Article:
You just need to graduate. You just need to graduate and get a job. Then everything will work out. But what if when you graduate, you find out that in the 4+ years you spent getting a marketing degree, you haven’t actually acquired the skills you need to be successful in the professional world? Well then, your plan goes out the window and you die. Not really, but it does put a big ole wrench in things. To prove my point, here are 3 things I learned while interning for Brindle, that my college education did nothing to prepare me for.
#1 DIGITAL MARKETING AND SOCIAL MEDIA
Business schools across the country are currently educating the next generation of marketers. Unfortunately, the curriculum being taught to these young minds is stuck in the past. The current, outdated marketing curriculum still focuses primarily on print ads, and in ‘The Digital Age’, that’s just not going to cut it in the real world. While it is important to understand the history and progression of the marketing strategy, it is more important that students be prepared to work in the current environment. Most consumers are getting their information from media outlets; therefore, most companies are spending their marketing budgets on digital marketing tactics like social media. While colleges attempt to briefly touch on digital marketing techniques, they simply don’t give students the resources, knowledge, and experience they need to comfortably and successfully develop digital marketing campaigns or social media.
Here’s where an internship comes in handy. Internships allow students to work alongside, and be mentored by, professionals working in the current marketing environment. My supervisors have been immensely helpful in teaching me how to create, manage, and promote digital campaigns. I have of course used social media in my personal life, but it is an entirely different thing to manage a client’s online presence on multiple platforms and facets. In other words, to get the training and experience you’ll need for the workforce but is lacking from your academics, get an internship!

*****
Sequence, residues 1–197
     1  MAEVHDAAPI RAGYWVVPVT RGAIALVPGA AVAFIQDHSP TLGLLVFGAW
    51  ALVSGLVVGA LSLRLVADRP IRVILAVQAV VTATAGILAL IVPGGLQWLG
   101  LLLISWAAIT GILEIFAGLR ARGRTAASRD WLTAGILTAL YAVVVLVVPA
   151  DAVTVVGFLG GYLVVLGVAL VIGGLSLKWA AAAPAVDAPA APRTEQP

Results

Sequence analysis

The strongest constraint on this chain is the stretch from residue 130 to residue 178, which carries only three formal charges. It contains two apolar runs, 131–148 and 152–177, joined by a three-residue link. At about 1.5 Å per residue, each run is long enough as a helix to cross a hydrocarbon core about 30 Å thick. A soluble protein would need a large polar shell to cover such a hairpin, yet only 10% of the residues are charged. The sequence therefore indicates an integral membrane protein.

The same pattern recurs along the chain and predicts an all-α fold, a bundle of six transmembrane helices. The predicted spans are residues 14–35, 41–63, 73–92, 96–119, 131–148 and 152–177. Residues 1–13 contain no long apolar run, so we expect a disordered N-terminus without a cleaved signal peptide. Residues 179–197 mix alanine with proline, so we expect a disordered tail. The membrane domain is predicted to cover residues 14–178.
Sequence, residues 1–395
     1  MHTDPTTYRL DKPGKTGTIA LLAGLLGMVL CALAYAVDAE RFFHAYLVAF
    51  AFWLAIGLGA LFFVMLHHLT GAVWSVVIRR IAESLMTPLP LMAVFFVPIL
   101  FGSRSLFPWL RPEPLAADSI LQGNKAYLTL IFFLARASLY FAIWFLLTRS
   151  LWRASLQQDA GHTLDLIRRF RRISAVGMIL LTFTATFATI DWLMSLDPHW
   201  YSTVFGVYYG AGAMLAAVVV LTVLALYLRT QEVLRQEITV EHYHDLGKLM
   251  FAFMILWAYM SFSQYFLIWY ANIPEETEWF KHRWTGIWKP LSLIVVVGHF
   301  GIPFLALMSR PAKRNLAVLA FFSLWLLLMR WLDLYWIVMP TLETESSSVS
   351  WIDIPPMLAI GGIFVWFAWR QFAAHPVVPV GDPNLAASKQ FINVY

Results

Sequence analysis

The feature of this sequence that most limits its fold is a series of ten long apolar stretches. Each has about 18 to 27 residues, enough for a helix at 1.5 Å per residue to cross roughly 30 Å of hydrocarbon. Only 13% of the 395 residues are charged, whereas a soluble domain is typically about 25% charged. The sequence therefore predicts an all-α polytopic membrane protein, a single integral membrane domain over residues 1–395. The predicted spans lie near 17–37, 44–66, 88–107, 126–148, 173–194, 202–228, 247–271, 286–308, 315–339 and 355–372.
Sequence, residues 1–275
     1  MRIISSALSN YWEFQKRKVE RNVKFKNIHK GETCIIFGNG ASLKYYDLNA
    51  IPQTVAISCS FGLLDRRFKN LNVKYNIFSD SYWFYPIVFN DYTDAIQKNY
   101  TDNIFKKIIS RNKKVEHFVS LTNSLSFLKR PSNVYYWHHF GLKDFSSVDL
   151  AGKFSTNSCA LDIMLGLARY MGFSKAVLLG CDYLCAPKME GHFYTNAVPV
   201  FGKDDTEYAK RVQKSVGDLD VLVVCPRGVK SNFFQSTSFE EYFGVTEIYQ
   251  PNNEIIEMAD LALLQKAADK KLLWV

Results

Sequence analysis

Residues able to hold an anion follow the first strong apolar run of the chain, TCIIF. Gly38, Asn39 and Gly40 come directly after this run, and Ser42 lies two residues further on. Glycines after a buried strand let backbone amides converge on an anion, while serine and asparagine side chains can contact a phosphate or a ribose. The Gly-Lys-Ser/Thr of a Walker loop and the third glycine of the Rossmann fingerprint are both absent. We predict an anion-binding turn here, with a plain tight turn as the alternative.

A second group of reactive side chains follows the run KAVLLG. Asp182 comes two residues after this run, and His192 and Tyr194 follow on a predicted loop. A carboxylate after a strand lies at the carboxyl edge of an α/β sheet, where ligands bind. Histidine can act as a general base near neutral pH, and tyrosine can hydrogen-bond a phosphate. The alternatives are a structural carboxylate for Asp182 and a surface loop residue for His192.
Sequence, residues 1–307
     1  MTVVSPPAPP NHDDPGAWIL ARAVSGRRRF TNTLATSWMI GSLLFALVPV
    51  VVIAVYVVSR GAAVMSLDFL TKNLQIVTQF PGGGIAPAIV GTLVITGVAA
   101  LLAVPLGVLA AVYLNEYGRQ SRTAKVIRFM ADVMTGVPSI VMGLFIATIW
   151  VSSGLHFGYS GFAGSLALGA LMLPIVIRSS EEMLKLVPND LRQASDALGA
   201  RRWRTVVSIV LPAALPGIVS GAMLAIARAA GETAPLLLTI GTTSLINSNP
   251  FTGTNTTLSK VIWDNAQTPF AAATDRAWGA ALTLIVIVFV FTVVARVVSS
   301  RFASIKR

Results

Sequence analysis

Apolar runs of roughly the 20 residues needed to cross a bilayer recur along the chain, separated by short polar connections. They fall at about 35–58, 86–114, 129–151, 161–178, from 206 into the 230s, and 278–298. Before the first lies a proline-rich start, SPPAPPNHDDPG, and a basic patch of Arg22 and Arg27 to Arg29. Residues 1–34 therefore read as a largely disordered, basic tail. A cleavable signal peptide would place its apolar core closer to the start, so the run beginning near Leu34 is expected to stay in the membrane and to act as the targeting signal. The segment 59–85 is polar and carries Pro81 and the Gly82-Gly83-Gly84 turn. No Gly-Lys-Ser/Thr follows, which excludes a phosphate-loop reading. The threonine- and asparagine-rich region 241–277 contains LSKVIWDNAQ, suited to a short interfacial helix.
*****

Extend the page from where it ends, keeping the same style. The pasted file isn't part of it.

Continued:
#2 CONTENT MARKETING AND SEO
Search Engine Optimization: a concept quite foreign to me when I first began looking for an internship. But in the digital age, SEO is an important skill for marketers to have. A lot of consumers are looking online for products and services, using search engines to get convenient lists of businesses that can provide them with said goods. That said, almost no one scrolls through more than five pages of search results. In fact, most people don’t even make it past the first page. So, there is a marked advantage for a business to be listed in those coveted Page 1 spots and the way they get there (other than paid-for ads) is using SEO.
In addition to SEO, students aren’t being taught how to appeal to the current consumer process or optimize content. Consumers are looking for companies that not only provide the service or product they are looking for, they’re also looking for companies that have demonstrated their expertise and can educate them. Similarly, students need to be educated on the up-to-date best practices for SEO so that they can optimize the visibility of their firm’s content. Out-of-date information could be costly for the firm.
Here, again, an internship is the most practical solution. As I have recently found: with professional guidance, hands-on experience, and up-to-date training, students will acquire the skills that their education failed to provide them with.
#3 OVERALL APPLICATION AND HANDS-ON EXPERIENCE
On top of the lack of focus on current and important skills for the marketing hopeful, colleges are not providing students with the opportunities to practice and implement the things they are learning. Group projects and mock ad campaigns have been so mutated to enhance gradability that they are not serving their purpose anymore. Hands-on experience allows students to make meaningful connections between their learned material and the world they experience outside of school (i.e. it makes the information ‘stick’).
When I first started at Brindle I had no experience with Google My Business posts, social media content calendars, graphic design, blogs, SEO or any actual real-world marketing, and I was in my third year of business school. I had textbooks worth of information swimming around my head and a drive like no other, but that’s it. Courses seem to focus on vocabulary, theories, and history, but it was the actual application of the material I had been taught (in addition to more updated and relevant training) that made it all come together. I now have connections that tie my textbook information to my actual training and experiences.
Formal education, while useful, is sadly not enough to succeed in the business world anymore. I’ve learned more about the marketing world from the training, mentorship, and experience I am receiving at Brindle than I have in the 3 and a half years I’ve been studying marketing. So, in summary, internships are invaluable experiences for marketing students because nothing will prepare you for a career in marketing better than the hands-on experience at a business willing to help you learn and grow as a professional.